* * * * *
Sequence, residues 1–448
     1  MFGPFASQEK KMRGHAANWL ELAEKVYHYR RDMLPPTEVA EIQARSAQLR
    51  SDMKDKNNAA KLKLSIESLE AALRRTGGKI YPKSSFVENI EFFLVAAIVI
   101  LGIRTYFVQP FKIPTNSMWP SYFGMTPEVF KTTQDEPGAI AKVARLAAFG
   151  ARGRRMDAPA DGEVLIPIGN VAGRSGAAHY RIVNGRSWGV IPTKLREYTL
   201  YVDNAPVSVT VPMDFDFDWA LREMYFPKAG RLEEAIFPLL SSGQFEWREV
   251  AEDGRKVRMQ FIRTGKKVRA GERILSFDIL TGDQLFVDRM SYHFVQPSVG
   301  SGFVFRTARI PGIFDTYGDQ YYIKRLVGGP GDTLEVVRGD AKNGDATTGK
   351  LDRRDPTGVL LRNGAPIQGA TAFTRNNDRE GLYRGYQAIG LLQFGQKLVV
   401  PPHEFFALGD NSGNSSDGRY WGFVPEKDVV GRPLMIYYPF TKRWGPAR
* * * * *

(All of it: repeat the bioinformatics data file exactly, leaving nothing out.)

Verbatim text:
Sequence, residues 1–448
     1  MFGPFASQEK KMRGHAANWL ELAEKVYHYR RDMLPPTEVA EIQARSAQLR
    51  SDMKDKNNAA KLKLSIESLE AALRRTGGKI YPKSSFVENI EFFLVAAIVI
   101  LGIRTYFVQP FKIPTNSMWP SYFGMTPEVF KTTQDEPGAI AKVARLAAFG
   151  ARGRRMDAPA DGEVLIPIGN VAGRSGAAHY RIVNGRSWGV IPTKLREYTL
   201  YVDNAPVSVT VPMDFDFDWA LREMYFPKAG RLEEAIFPLL SSGQFEWREV
   251  AEDGRKVRMQ FIRTGKKVRA GERILSFDIL TGDQLFVDRM SYHFVQPSVG
   301  SGFVFRTARI PGIFDTYGDQ YYIKRLVGGP GDTLEVVRGD AKNGDATTGK
   351  LDRRDPTGVL LRNGAPIQGA TAFTRNNDRE GLYRGYQAIG LLQFGQKLVV
   401  PPHEFFALGD NSGNSSDGRY WGFVPEKDVV GRPLMIYYPF TKRWGPAR